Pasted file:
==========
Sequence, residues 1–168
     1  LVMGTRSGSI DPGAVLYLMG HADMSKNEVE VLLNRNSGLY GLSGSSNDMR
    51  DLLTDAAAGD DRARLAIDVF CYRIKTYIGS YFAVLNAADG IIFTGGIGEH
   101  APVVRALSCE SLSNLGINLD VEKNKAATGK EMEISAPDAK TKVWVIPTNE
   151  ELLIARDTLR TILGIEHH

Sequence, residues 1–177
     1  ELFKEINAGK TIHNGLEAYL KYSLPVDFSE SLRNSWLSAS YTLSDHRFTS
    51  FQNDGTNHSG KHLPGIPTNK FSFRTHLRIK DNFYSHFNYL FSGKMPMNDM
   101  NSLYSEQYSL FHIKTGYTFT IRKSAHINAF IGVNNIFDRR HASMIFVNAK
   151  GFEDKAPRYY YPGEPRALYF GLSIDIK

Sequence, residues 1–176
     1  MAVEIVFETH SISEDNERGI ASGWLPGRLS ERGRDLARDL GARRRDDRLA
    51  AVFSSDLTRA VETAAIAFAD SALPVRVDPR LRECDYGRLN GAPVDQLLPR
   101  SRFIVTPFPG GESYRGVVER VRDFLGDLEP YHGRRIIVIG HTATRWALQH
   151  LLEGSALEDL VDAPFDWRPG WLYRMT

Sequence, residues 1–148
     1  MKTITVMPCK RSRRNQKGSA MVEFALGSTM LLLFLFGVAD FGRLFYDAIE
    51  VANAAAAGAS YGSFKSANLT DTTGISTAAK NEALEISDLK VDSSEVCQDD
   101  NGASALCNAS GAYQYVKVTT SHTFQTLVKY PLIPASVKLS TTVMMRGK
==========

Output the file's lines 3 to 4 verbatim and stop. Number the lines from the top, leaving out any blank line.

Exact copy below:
    51  DLLTDAAAGD DRARLAIDVF CYRIKTYIGS YFAVLNAADG IIFTGGIGEH
   101  APVVRALSCE SLSNLGINLD VEKNKAATGK EMEISAPDAK TKVWVIPTNE